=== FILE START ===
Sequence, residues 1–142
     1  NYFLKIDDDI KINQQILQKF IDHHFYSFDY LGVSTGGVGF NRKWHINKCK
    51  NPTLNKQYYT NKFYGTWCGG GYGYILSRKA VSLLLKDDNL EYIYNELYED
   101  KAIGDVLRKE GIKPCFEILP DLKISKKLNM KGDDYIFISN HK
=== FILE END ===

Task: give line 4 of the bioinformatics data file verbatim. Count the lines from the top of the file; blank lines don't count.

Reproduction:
   101  KAIGDVLRKE GIKPCFEILP DLKISKKLNM KGDDYIFISN HK